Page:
Second, given that the Mali/Burkina Faso/Niger border triangle is porous, Mali’s ongoing security crisis has taken a major toll on Burkina Faso, which has not been able to defend itself. Additionally, with IS having lost its strongholds in Iraq, Syria, and Libya following years of conflict with their local, regional, and international enemies, the so-called Caliphate has naturally been seeking refuge in other regions beyond the Levant and Maghreb, including West Africa.
In 2012, many experts warned about northern Mali becoming a “new Afghanistan” that could destabilize surrounding states. The warnings were justified, as events in Burkina Faso and other West African countries have highlighted. The forces that usurped control of northern Mali (AQIM, Movement for Unity and Jihad in West Africa, and Ansar al-Din) and the offshoots that they have created over the past seven years have exploited the weakness of West African states, the region’s porous borders, desert terrain, and the large amounts of weaponry seized by non-state actors during the collapse of Libya’s Gaddafi regime in 2011.
Although France and the Paris-led “G5 Sahel” military bloc (Burkina Faso, Chad, Mali, Mauritania, and Niger) have dislodged a number of these extremist groups and killed many of their militants, the French government and its former colonies in the region have relied excessively on pursuing military solutions to West Africa and the Sahel’s terrorism crises. Strategies that depend solely on military action are doomed to fail because they fail to address the root causes of the problem, such as extreme poverty, high youth unemployment, and a lack of hope among large swathes of these countries’ populations.
The Sahel has not received nearly enough attention from the international community. To add to the region’s misery, the corrupt elites who hold power in this part of Africa have failed to address a plethora of grave challenges, including food insecurity and the growing impact of climate change, which will make water shortages in this already parched landscape an even greater concern in the future. According to the United Nations, temperature increases in the environmentally degraded Sahel, which is home to approximately 300 million people, are expected to be 1.5 times above the global average.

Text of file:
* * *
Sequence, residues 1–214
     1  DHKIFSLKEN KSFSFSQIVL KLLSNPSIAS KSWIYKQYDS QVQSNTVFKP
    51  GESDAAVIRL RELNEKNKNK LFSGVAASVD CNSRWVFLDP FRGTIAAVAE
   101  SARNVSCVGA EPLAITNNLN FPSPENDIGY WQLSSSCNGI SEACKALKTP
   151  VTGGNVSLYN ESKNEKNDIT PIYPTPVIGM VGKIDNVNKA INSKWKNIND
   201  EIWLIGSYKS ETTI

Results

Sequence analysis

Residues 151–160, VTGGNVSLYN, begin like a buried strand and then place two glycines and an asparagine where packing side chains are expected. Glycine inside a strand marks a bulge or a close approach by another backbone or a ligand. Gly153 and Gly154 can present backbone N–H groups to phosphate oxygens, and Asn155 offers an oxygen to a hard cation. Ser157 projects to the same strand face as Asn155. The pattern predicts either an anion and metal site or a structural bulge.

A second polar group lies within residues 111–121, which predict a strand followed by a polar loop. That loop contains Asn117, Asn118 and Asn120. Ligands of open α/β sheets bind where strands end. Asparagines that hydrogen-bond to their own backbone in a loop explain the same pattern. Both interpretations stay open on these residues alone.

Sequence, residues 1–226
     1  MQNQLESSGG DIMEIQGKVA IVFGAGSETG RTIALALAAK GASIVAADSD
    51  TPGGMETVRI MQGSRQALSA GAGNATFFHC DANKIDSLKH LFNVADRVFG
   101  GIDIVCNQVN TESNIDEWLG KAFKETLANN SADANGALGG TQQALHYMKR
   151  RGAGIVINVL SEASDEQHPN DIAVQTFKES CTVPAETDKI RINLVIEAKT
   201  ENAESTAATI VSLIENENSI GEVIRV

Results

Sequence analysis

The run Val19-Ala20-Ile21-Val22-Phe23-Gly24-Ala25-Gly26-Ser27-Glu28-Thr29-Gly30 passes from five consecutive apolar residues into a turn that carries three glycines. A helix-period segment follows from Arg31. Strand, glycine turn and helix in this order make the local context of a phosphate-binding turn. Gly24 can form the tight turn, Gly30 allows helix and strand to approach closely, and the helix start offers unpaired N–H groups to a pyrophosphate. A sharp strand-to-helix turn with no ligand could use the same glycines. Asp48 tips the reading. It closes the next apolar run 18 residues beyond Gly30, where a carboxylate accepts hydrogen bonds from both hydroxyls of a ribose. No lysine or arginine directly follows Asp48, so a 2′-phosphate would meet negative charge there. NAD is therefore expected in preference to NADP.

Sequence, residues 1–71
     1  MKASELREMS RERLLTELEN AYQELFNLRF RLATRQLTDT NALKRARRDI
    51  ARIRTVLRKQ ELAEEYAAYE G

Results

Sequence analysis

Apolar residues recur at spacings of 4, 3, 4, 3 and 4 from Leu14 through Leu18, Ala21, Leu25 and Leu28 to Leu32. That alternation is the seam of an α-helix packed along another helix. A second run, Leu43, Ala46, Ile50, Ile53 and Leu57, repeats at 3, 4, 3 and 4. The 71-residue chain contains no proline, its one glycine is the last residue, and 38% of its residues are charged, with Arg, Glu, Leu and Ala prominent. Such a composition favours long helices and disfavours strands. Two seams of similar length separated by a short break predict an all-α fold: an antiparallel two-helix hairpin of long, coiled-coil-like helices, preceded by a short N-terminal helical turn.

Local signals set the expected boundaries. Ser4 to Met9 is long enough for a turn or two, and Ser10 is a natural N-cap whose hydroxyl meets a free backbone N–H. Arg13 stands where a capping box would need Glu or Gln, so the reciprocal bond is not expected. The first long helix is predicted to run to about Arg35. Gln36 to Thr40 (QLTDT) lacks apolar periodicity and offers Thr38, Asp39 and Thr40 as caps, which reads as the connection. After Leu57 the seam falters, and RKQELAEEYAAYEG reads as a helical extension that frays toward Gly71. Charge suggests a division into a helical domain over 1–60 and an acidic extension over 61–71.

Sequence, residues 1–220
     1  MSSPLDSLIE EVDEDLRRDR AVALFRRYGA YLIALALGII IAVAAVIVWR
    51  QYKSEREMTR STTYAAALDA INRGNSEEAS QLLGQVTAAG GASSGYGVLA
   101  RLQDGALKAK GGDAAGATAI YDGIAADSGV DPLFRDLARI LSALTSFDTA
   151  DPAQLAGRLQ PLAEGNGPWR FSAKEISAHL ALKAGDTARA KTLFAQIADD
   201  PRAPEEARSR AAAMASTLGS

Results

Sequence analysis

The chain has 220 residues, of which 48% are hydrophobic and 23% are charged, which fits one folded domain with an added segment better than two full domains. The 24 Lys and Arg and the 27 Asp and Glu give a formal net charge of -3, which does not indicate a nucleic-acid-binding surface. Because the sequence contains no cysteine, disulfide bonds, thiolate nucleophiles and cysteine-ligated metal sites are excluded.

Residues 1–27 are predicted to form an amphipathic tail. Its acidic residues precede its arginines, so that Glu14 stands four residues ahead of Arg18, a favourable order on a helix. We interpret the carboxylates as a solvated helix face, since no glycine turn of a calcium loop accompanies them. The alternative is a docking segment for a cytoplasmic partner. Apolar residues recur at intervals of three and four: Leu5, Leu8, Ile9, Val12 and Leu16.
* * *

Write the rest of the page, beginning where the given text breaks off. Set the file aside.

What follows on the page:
It is within this context of desperation and indignity that many West African youth believe that they can only find purpose in life by joining Salafist-jihadist groups that seek to impose harsh interpretations of Islamic (Sharia) law in areas where moderate forms of Islam have been traditionally practiced. Making a living from hostage-taking and arms and drugs smuggling seems a viable alternative to unemployment and starvation for too many of them.
Although IS has suffered major defeats in the Middle East, it has not disappeared. Moreover, it remains extremely active in cyberspace and its loyalists are entering new domiciles such as West Africa. The state of affairs in Burkina Faso is deeply troubling, given how ongoing Sahelian security crises have clearly spilled into northern parts of the country, as well as Ouagadougou.
The world is not paying enough attention to the terrorism crisis impacting this former French colony. The risk is that Burkina Faso will become more of a sanctuary for IS and al-Qaeda adherents in the months and years ahead. With extremists spreading terrorism across the Sahel, Burkina Faso needs assistance from regional and global partners to combat violent jihadist groups that have exposed the weaknesses of its security establishment while spilling much blood in the process. Although not in the global spotlight, Burkina Faso could well become an international flashpoint if the proper resources are not committed to preventing its northern territories from becoming a haven for extremists.
This article was originally posted in LobeLog.